Leonhard Baehr followed Belmont to the cellar. He was then told to go back up the stairs to shut the door “so the noise will not arouse the house.” Just as the servant neared the top step, he heard the revolver fire. He shut the door and returned to the cellar to find Belmont on the floor. The young man had fired a bullet into his head.
August Belmont was wakened. He rushed to the cellar and was so overcome that he had to be taken back to his bedroom. When he could gather his thoughts, he ordered that a telegraph be sent to Caroline’s servant. “It told him what had occurred, but warned him on no account to let Mrs. Belmont know that her son was dead, but to inform her that he was seriously ill.”
The telegram reached Washington around 3:00 a.m. Perry Belmont and his mother hastily packed trunks and headed to New York. Around 4:00 that afternoon, their carriage from the train station arrived at 109 Fifth Avenue.
“Mr. Belmont, the father, who had been greatly prostrated all day by the terrible blow met his wife in the hallway as she arrived. She wished at once to know how her son was, and wanted to go immediately to his room before she had removed her travelling wraps. Then Mr. Belmont told her the truth, and instead of to a sick room she was taken to her son’s coffin.”
No suspicion was directed at Baehr and the death was ruled “wholly accidental.” Funeral services did not take place until four days later, on Thursday, in the Church of the Ascension. In the meantime, The Sun reported on February 1, “The body now lies in an ice chest laden with flowers in the front room of the second story of the house.”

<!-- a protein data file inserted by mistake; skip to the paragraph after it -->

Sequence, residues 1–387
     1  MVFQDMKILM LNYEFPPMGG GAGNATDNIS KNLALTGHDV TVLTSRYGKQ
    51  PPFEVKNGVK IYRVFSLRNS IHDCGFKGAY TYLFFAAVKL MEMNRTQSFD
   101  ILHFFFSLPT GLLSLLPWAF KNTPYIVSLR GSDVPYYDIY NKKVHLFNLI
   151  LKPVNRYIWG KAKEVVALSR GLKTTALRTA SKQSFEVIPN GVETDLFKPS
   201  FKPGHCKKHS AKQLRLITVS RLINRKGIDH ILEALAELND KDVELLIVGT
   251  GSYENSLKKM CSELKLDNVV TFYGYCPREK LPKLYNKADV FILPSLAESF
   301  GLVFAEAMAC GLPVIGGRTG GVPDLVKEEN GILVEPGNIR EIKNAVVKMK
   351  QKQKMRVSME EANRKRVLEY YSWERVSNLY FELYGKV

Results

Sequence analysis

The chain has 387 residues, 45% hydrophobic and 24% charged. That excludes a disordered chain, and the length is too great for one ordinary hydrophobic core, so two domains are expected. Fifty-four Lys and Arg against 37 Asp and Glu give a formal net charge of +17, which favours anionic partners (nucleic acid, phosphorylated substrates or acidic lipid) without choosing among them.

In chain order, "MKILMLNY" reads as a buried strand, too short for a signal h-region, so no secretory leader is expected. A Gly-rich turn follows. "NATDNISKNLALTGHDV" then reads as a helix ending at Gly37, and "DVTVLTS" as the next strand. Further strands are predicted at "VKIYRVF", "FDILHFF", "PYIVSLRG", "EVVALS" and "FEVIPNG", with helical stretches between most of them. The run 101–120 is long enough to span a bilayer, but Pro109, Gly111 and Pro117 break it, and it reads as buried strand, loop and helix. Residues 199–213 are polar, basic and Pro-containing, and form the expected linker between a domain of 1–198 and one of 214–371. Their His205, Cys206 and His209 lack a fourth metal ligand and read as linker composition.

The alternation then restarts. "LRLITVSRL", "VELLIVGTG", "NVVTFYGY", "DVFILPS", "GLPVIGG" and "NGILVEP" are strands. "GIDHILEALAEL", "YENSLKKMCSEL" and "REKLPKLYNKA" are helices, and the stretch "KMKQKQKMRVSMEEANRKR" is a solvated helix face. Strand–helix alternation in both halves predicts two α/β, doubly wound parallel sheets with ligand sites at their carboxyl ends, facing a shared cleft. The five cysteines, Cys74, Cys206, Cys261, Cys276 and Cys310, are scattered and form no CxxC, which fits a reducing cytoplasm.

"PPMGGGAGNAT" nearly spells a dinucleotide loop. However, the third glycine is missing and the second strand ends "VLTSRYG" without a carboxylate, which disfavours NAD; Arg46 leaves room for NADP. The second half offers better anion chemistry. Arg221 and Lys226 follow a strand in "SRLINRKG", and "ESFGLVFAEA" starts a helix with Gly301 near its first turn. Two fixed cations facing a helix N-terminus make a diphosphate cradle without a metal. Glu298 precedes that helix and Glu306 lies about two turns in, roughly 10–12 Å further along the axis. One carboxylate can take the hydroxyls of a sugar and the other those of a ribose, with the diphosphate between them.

Three years later black crepe would again be hung on the door of 109 Fifth Avenue. On November 24, 1890 the Colorado newspaper, the Aspen Evening Chronicle, reported “August Belmont, the great banker, an influential democrat, and a worthy citizen, is dead. He passed away at 3 o’clock this morning quietly and serenely, surrounded by his sorrowing family at his house, 109 Fifth avenue.”
Belmont had caught a cold a few days earlier while judging a horse show at Madison Square Garden. It developed into pneumonia which proved fatal. His funeral was slightly delayed in hope that Fredericka, who was ill in her Livingston County home, would be able to attend. In the meantime, according to The Evening World the following day, “The body of August Belmont now lies at the house…in a black velvet casket, lined and trimmed with corded silk. Its handles are of solid silver.”
Fredericka’s health did not improve and the funeral was held on Saturday, November 29. Among the dozen pallbearers were Grover Cleveland, J. Pierpont Morgan, Governor Hill, and William Jay. Following the services, the casket was transported to Grand Central Station where it was placed in a private car for burial in Newport.
Belmont’s estate was estimated at over $10 million. The will directed “that Mrs. Belmont shall hold for life the Belmont mansion at Fifth Avenue and Eighteenth Street, together with the stables, and also the country residence at Newport.” Also, “All the household furniture, books, paintings, statuary, and other articles of use and ornament in the town house and in the Newport house, and all the carriages and horses, except the racing and breeding horses, are also to become the property of Mrs. Belmont.”